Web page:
This story had elements of truth in it, but Mads had added a philosophical twist to it that had never been there before. Mads was at a party, and Alex did ask her to tell him the story of her life, and she did nearly get sick right there. But not because of existential nausea. More like too many screwdrivers. The actual vomiting took place a few minutes later, in Sean's mother's room. Mads decided to spare Stephen those unnecessary details.
“Wow,” Stephen said. “You've already had your first existential crisis. Very precocious.”
“Thank you.” Mads beamed. “For my age, I'm kind of a woman of the world. I mean, I wasn't before, but this year, things just started happening to me. There's one guy who was insanely in love with me—he even wrote a poem about me. Did you see it? He posted it on the library bulletin board.”
“I must have missed it,” Stephen said.
The boy she was describing—known as Yucky Gilbert—was a twelve-year-old freshman who occasionally wore a cape. More details Stephen was better off not knowing. “He wanted too much from me. I'm not ready to give my whole self up, heart and soul. I hate breaking guys’ hearts, but what else can I do?”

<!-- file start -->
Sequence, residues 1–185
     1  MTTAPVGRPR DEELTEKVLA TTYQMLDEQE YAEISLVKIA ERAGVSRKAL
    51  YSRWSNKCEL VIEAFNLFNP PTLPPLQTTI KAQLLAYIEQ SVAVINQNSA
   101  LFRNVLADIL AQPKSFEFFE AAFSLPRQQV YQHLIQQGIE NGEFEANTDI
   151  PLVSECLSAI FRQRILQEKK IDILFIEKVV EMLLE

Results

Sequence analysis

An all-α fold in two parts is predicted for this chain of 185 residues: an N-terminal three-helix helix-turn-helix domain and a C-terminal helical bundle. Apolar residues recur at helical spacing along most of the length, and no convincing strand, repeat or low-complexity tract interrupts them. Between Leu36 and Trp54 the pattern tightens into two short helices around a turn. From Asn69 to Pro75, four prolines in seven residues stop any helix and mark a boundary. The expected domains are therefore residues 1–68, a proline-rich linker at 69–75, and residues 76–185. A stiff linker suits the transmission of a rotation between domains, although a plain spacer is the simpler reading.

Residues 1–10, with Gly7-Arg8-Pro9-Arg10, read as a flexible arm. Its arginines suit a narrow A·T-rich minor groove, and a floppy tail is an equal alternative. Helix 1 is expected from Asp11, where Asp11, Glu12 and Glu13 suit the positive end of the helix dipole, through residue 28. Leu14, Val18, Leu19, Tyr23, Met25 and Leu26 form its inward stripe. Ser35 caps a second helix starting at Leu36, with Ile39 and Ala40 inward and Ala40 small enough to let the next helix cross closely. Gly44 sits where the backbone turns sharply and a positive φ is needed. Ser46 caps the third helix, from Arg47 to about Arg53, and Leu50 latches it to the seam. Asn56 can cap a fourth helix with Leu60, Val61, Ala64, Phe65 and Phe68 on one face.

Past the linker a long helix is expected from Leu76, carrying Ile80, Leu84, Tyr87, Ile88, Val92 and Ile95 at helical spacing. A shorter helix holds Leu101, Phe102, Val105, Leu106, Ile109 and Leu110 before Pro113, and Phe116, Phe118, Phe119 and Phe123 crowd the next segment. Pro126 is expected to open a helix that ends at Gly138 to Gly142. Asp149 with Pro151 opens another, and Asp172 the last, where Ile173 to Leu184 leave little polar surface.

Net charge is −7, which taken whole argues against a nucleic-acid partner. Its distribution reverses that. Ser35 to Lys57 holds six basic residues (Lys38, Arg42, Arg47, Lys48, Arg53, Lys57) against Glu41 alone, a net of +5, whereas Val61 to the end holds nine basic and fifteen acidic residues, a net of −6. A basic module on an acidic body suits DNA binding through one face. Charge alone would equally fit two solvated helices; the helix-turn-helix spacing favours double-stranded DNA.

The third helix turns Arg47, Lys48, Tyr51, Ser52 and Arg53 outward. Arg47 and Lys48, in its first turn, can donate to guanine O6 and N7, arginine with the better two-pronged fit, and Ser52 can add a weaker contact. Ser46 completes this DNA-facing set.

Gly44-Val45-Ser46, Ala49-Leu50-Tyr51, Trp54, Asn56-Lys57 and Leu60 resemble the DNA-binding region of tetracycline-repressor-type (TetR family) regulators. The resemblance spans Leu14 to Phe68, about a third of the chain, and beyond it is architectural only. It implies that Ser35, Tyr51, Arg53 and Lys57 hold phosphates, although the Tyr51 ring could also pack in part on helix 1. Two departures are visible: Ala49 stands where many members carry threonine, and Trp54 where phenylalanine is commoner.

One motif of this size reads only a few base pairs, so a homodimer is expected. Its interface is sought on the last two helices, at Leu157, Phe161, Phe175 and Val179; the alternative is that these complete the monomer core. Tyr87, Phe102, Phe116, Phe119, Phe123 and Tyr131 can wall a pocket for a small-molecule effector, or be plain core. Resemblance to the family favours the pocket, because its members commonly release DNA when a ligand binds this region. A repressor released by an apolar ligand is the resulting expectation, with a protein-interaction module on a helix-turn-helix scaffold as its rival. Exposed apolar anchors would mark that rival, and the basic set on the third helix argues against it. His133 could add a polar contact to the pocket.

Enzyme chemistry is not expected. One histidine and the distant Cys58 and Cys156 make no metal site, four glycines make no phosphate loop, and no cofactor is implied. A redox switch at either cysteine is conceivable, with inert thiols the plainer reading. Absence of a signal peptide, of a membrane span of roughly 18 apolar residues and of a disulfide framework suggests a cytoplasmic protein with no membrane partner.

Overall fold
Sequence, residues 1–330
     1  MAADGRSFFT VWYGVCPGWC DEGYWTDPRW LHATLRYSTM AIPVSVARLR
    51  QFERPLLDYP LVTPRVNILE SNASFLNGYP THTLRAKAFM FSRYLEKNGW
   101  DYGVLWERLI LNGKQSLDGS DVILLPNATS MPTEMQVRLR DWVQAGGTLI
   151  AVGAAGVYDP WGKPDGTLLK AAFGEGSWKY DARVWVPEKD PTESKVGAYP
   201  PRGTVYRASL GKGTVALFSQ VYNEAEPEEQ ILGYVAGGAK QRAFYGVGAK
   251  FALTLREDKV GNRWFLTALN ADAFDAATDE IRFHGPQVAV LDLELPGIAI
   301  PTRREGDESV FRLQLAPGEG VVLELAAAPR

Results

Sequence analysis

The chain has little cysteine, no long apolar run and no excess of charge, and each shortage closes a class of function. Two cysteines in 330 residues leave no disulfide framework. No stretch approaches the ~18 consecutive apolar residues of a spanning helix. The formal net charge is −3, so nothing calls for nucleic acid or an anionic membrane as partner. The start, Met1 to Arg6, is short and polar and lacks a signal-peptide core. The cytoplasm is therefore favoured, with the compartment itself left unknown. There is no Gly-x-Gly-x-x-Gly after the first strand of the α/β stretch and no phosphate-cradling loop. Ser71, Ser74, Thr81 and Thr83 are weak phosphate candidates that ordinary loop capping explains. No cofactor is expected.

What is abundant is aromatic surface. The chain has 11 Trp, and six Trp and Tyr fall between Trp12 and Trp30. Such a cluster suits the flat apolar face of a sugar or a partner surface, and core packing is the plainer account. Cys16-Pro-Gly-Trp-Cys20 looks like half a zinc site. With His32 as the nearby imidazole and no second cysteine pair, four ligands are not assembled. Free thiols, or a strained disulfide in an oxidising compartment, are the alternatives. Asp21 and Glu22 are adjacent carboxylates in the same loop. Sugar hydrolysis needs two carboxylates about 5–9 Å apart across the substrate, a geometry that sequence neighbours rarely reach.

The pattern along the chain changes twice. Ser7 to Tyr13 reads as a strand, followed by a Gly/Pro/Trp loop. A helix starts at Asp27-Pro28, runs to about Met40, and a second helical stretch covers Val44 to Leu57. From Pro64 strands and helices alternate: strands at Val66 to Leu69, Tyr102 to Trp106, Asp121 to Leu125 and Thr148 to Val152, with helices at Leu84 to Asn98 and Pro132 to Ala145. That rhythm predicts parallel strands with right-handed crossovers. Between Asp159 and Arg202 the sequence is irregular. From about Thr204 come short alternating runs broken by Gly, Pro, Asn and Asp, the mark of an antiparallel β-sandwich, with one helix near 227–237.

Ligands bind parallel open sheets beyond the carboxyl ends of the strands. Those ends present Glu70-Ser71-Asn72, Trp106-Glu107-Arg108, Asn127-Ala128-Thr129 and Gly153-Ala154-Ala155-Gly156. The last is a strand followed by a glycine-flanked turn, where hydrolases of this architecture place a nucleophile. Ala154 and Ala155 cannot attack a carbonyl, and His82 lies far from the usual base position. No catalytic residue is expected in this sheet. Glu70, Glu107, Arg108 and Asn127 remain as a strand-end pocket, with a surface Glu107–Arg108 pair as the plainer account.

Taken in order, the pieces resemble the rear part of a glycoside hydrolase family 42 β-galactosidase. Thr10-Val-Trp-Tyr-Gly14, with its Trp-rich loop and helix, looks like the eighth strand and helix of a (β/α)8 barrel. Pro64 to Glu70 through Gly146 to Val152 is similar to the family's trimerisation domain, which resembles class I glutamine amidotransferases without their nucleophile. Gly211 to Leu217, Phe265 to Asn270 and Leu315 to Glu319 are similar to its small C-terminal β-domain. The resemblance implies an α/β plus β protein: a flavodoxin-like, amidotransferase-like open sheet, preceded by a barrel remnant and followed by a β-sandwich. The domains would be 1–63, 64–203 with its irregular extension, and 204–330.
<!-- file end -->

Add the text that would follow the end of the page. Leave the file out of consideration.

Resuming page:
Stephen gathered up his sketches and shook his head. “You sound like trouble, Madison. I'd better stay away from you.”
Mads laughed. “You can call me Mads. All my friends do.”
“Mads. The perfect name for a madwoman like you. And I mean that as a compliment.”
“Thank you. My father does say my mind has a logic all its own.”
“My mother calls me St. Stephen the Serious. Once you've gotten to know me a little better, I'd like you to tell me if you think that's true.”
“Do you want it to be true?” Mads asked.
“No.” He sat down at a nearby table and laid out his sketches, studying them. He picked up a pencil and started drawing. No one spoke for several minutes. Then he stopped, his hair in his eyes, and said, “Will you tell me? Do you promise to tell me the truth?”
“Yes, I will. I promise.”
Mads was afraid that on first impression, Stephen's mother was right. But what was so terrible about being serious? She thought it was kind of appealing.
Larissa Comes to Life
From: your daily horoscope
HERE IS TODAY'S HOROSCOPE: CANCER: A new side of you will emerge today. It's about time—everyone was getting bored with your old one-sided self.
Look,” Lina said. “He changed his ad!”